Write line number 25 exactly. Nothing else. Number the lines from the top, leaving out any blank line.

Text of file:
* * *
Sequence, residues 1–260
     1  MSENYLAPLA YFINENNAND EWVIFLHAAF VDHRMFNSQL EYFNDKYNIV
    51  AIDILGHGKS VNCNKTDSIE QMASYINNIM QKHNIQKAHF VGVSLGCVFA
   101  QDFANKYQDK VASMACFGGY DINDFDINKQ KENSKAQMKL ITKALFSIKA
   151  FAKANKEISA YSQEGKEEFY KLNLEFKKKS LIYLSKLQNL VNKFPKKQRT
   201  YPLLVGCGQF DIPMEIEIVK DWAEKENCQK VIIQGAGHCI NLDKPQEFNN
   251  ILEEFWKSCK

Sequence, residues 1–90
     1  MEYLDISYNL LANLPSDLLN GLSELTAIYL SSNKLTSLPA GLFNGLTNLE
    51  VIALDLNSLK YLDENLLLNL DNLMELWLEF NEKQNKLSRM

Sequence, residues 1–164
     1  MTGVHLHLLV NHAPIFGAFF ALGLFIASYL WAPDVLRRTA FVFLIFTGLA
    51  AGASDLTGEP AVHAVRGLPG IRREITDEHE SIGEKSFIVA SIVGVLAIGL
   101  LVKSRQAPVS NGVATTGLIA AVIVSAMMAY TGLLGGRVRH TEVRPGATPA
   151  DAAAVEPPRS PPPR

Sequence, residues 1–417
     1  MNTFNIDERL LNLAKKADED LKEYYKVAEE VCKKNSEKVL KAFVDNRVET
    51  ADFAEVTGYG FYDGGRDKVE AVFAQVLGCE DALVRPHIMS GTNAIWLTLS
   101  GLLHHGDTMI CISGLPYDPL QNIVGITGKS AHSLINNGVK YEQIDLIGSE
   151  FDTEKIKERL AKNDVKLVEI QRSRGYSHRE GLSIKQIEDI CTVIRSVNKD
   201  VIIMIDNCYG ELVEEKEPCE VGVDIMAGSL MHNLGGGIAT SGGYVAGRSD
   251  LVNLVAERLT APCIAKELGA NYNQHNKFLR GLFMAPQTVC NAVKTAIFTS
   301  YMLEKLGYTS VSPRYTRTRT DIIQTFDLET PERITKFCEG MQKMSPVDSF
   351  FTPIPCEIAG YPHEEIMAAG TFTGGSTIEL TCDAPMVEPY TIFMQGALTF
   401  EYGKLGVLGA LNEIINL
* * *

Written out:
   401  EYGKLGVLGA LNEIINL